aspose file tools*
The moose likes Meaningless Drivel and the fly likes Problem installing new RAM? Big Moose Saloon
  Search | Java FAQ | Recent Topics | Flagged Topics | Hot Topics | Zero Replies
Register / Login
JavaRanch » Java Forums » Other » Meaningless Drivel
Bookmark "Problem installing new RAM? " Watch "Problem installing new RAM? " New topic
Author

Problem installing new RAM?

Tom-Colin Kelly
Greenhorn

Joined: Dec 09, 2011
Posts: 27
Hey puter with 1GB of RAM (kingston) and i do have 2 other ram inserts of around 2GB. therefore after inserting this (properly i have checked it thoroughly and what not, there should be 5GB if my excellent maths is correct!

I wouldn't say I am terrible with computers, however i do not have as much knowledge as you great people on the forums, therefore i was wondering what you thinnk could be wrong, e.g. my voltage or something or just my old OS cannot handle it?
here are my PC Specs:
Windows XP Professional
Direct X 9.0c
Intel Premium Duo 2.8Ghz
Core Speed: 2.93MHz (approximate)
Multiplier x 14.0
Bus Speed 199.5MHz
DDR 2 5GB Memory (is this the ram all together?)
Slot 1: DDR2 2GB
Slot 2: DDR2 2GB
Slot 3: DDR2 1GB
ATI Radeon HD 5400 Series 1GB memory

It appears that it is correct however there is not much of a difference should i be concerned?

Thanks a lot

Tom

Henry Wong
author
Sheriff

Joined: Sep 28, 2004
Posts: 18120
    
  39

Tom-Colin Kelly wrote:Hey puter with 1GB of RAM (kingston) and i do have 2 other ram inserts of around 2GB. therefore after inserting this (properly i have checked it thoroughly and what not, there should be 5GB if my excellent maths is correct!

I wouldn't say I am terrible with computers, however i do not have as much knowledge as you great people on the forums, therefore i was wondering what you thinnk could be wrong, e.g. my voltage or something or just my old OS cannot handle it?
here are my PC Specs:
Windows XP Professional
Direct X 9.0c
Intel Premium Duo 2.8Ghz
Core Speed: 2.93MHz (approximate)
Multiplier x 14.0
Bus Speed 199.5MHz
DDR 2 5GB Memory (is this the ram all together?)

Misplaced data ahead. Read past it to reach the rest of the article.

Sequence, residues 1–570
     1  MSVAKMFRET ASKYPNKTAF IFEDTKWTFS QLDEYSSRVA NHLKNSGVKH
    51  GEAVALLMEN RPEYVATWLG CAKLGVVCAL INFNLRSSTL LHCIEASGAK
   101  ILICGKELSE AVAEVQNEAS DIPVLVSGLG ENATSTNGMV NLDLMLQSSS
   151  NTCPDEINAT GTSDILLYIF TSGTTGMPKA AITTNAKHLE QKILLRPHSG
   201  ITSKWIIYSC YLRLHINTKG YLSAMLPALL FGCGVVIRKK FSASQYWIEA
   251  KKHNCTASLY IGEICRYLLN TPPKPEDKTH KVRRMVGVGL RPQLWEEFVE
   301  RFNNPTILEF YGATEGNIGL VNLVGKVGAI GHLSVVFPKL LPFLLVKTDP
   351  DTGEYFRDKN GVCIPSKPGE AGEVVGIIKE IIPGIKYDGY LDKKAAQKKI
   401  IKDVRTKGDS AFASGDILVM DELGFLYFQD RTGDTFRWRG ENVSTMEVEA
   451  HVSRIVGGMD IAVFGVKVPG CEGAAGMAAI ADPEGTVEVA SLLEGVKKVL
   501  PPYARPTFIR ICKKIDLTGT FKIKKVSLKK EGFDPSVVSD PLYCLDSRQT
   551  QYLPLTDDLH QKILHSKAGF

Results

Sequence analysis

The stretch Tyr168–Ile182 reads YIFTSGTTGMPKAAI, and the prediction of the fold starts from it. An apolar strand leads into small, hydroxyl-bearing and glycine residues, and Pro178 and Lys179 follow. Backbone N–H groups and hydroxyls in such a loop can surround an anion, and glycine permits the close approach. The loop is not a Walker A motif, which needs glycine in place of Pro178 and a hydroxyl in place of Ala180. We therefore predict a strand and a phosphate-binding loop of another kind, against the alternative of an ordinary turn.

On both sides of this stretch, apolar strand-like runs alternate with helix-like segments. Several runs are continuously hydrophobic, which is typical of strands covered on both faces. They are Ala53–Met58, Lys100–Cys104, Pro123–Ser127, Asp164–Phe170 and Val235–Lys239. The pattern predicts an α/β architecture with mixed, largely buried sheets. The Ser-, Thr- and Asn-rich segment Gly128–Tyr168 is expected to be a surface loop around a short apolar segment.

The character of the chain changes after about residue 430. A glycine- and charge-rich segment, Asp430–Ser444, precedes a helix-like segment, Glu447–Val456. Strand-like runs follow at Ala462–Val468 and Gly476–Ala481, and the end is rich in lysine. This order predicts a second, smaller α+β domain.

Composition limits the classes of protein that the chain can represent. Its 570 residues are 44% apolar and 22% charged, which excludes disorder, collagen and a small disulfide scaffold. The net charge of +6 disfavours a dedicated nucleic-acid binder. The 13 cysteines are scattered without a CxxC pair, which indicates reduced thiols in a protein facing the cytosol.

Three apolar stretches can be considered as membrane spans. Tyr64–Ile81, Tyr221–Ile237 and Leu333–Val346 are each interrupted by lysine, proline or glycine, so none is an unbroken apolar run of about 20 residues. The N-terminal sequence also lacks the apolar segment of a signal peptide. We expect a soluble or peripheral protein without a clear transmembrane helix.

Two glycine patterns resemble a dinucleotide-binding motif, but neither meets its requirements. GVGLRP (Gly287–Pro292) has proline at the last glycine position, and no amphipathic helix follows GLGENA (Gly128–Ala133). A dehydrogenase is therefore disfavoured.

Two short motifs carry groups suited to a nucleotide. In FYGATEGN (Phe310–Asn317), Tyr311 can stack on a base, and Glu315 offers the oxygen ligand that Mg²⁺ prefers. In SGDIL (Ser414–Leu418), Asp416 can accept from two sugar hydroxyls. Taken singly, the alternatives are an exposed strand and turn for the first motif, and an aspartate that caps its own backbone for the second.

Slot 1: DDR2 2GB
Slot 2: DDR2 2GB
Slot 3: DDR2 1GB
ATI Radeon HD 5400 Series 1GB memory

It appears that it is correct however there is not much of a difference should i be concerned?

Thanks a lot

Tom




Well, what kind of difference were you expecting???


Books: Java Threads, 3rd Edition, Jini in a Nutshell, and Java Gems (contributor)
Pat Farrell
Rancher

Joined: Aug 11, 2007
Posts: 4637
    
    5

On many Windows-32 computers, the most the computer will use is 4GB, and you won't see or be able to use more than 3.2 or so.

To use more than 4GB (32-bit addressing) you must use a 64 bit operating system.
chris webster
Bartender

Joined: Mar 01, 2009
Posts: 1479
    
  11

As Pat says, 32-bit versions of Windows - such as Windows XP - can only handle up to 4GB of RAM, and you may in fact find that Windows only "sees" less than that anyway. The reason for this is basically that 32 bits can only contain a number up to 4.3 billion (roughly), so 32-bit Windows (or Linux) can't keep track of more than around 4.3 billion memory addresses i.e. 4GB (in reality it's less than that because some addresses are used up for other things). 64-bit operating systems can cope with far more memory addresses than that, so your 5GB would not be a problem.

I think your processor would allow you to use a 64-bit operating system (you should check this e.g. on the Intel website), so you could upgrade to a 64-bit version of Windows e.g. Windows 7, which should be able to see all your RAM, but if you do this you will need to take a full backup of your PC as it will almost certainly wipe your data in the process. Also, you will have to pay for the Windows upgrade licence, so make sure you get the 64-bit version if you do this.